Beginning this year, GW’s Elliott School is managing/coordinating the Grameen Bank and Trust Bangladesh internship program, which provides internships in Bangladesh for both GW and other students (graduate as well as undergraduate). The Grameen Bank is one of the key pioneers in the microfinance movement in developing countries.
As part of inaugurating our new partnership, Professor Muhammad Yunus, Nobel Peace Laureate and Grameen Bank founder, joined us for the day (on October 26, 2016). IIEP was happy to serve as one of the cosponsors of his visit.
In the morning we held a faculty breakfast for Prof. Yunus and IIEP Affiliated Faculty. After a social gathering, we met around the table over breakfast. James Foster gave a very nice introduction for those who hadn’t met Prof. Yunus, drawing on Prof. Yunus’s Vanderbilt years (where James taught before joining the GW faculty seven years ago).
Professors James Foster and Stephen Smith met with Nobel Laureate Muhammad Yunus
Prof. Yunus presented his history with Grameen in a very humble way, saying he had no detailed plan, but proceeded by solving problems as they appeared to him. He went to villages, where residents explained their problems with loan sharking. In response, he lent villagers some of his own money. Then, when it got to point where he couldn’t continue or expand on that basis, he went to a bank to borrow funds for Grameen – somehow persuading bank officers that backing his idea for lending to the poor would work. Prof. Yunus reminded participants that Grameen is not an NGO; rather, it is an institution owned largely by its borrowers (essentially, what we call a credit union in America).
In this regard, he spoke also about his emphasis on, and advocacy for, social enterprise, the Grameen Trust being the largest, building on his 2008 book, Creating a World Without Poverty: Social Business and the Future of Capitalism (which I highly recommended in my review of the book for the Stanford Social Innovation Review).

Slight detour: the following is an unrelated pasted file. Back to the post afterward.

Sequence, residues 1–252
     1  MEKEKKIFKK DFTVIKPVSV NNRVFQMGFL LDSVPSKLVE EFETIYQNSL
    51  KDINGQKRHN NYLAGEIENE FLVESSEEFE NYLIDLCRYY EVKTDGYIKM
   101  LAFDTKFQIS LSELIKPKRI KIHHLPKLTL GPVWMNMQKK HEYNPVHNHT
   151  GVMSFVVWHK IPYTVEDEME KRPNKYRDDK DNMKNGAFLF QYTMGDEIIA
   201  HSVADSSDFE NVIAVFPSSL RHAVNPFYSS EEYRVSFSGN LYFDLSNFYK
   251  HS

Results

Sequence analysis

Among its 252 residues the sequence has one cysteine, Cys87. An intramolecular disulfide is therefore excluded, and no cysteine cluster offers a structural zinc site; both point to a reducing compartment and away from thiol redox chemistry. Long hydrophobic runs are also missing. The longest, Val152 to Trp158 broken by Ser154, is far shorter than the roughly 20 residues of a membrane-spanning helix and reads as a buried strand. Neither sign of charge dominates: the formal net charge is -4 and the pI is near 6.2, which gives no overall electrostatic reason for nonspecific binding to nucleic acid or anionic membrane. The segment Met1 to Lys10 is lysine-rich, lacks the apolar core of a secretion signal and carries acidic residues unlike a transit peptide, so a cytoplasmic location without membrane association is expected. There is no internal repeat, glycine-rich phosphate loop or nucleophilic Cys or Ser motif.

Professor Stephen C. Smith and Muhammad Yunus
In the afternoon, we held a special edition of the Development Tea, at which Professor Yunus discussed his work and broader development questions with graduate students from both economics and international affairs. Prof. Yunus then addressed a large audience at Lisner Auditorium, at which Pres. Knapp awarded him the George Washington University President’s Medal. GW President Steven Knapp hosted a special luncheon discussion in Yunus’s honor, and Elliott School Dean Reuben Brigety did the same at dinner, each engaging a mix of faculty, students, and alumni.
At IIEP, we are looking forward to continuing our exchanges with Prof. Yunus and Grameen in the coming years, and we encourage our undergrad and grad students to consider applying for this valuable internship program.
Notes: You can find more information about Grameen Bank at http://www.grameen.com/. Its importance for development and poverty reduction is examined in my textbook with Mike Todaro, Economic Development, 12th Edition, in the Chapter 11 Case Study; and some of its programs are reviewed in my book Ending Global Poverty.